Adding up all the known and estimated security costs over the three year period from 1981 to 1984, one can get a rough idea of what the Greenham women were costing the British government – over £10 million in total. Considering that is only slightly less than the £11.4 million it cost to build the cruise missile silos inside, the price of protest was considerable. On the other hand, in comparison to other costs the Thatcher government proved willing to incur to carry out its policies in face of opposition, Greenham was a cheap victory. The miner’s strike cost the government £71 million a week and the Falklands War cost well over £4,000 million by the time all the lost equipment was replaced and the ‘fortress’ secured.
The number of arrests at Greenham also put tremendous strain on Newbury Magistrates Court. The 40 lay magistrates had to cope with nearly 200 extra court hours in 1983 to hear cases from Greenham. Two stipendiary magistrates had to be appointed by the government to handle the backlog of cases and at one point 78 cases were heard in a single day. Total arrests from September 1981 to August 1984 have been estimated at 1,866 and between 1 April 1983 and 22 November 1983 alone, police recorded 745 arrests at Greenham for failure to pay fines accruing from previous arrests!
The decision by a large number of those arrested to go to a prison rather than pay the court-imposed fine added to an already serious problem of prison over-crowding. The peak prison population for England and Wales in 1982 was already 6,000 over the limit of ‘certified normal accommodation’. Additional strains on top of this required temporary prisons to be opened. Because women’s prisons account for only 1,456 out of 38,653 places, the impact of the Greenham women on the penal system was greatly multiplied. Over 6,000 peace protesters and an equal number of miners had been arrested throughout the country by the end of 1984.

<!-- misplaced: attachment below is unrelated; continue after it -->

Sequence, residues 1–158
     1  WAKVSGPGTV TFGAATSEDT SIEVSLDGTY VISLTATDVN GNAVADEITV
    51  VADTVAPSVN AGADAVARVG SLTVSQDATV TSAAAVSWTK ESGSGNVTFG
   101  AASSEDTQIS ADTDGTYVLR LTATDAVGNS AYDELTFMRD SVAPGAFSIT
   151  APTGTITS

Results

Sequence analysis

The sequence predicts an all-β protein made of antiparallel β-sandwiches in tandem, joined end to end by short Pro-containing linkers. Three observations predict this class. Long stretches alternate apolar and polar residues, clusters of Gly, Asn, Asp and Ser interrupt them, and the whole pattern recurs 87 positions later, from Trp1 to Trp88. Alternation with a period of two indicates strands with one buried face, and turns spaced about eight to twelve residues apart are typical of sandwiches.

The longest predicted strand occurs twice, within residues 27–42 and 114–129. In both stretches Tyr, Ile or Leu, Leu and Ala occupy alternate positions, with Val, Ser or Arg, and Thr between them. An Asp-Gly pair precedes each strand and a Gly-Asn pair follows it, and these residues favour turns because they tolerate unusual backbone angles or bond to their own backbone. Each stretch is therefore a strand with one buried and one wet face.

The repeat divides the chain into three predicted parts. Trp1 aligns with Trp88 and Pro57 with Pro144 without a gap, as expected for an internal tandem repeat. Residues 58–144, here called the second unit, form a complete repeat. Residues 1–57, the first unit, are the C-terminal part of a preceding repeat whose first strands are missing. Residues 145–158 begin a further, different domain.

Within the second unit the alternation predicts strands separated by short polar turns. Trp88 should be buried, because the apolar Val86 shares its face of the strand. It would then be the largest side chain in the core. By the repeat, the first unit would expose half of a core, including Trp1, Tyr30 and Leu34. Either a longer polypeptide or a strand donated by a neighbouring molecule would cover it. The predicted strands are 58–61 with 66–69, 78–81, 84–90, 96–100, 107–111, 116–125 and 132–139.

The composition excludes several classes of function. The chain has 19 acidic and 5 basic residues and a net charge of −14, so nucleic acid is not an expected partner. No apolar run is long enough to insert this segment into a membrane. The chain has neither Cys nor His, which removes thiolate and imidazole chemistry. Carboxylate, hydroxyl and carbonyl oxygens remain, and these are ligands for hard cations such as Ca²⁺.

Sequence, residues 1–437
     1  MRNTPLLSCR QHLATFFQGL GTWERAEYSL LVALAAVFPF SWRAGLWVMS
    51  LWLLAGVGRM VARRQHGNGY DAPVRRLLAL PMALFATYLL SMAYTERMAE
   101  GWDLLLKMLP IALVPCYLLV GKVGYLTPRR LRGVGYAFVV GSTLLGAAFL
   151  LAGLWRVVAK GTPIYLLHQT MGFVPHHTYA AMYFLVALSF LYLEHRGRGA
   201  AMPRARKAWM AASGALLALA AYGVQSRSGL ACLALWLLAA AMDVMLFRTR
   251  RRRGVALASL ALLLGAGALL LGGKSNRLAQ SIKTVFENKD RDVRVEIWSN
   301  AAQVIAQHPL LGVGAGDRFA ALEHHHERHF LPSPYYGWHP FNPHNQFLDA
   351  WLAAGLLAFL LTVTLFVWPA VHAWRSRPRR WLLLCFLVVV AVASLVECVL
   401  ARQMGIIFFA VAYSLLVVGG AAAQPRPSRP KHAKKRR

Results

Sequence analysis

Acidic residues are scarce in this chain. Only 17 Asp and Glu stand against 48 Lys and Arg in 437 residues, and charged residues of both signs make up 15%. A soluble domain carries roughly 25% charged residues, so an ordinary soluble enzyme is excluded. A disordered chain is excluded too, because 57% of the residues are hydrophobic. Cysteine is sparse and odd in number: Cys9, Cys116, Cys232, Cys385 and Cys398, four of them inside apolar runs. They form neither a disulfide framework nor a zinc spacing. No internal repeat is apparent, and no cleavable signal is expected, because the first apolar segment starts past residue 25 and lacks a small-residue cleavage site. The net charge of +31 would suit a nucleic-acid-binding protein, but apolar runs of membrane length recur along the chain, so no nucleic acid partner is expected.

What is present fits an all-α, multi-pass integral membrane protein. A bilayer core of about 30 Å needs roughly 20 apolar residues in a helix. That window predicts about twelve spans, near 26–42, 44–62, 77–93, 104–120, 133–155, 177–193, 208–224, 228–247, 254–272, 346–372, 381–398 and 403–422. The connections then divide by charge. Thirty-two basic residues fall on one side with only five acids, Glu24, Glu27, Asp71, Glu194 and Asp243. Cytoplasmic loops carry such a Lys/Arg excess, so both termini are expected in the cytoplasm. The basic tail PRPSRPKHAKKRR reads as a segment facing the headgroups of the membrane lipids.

The nature of the security problem at Greenham was not confined to the base itself. The whole ‘operational concept’ of Ground-Launched Cruise Missiles was that they must be deployed “some distance away from the bases where they are normally stored.” The convoys which continued to leave Greenham every month on exercise were all successfully tracked to their ‘secret’ launch sites by peace movement activists and several were blockaded and stopped for many hours at a time. Because the first flight of Cruise at Greenham were supposedly on ‘Quick Reaction Alert’ and were not meant to leave the base, the exercises that took place during 1984 cannot have been proper ‘operational’ exercises: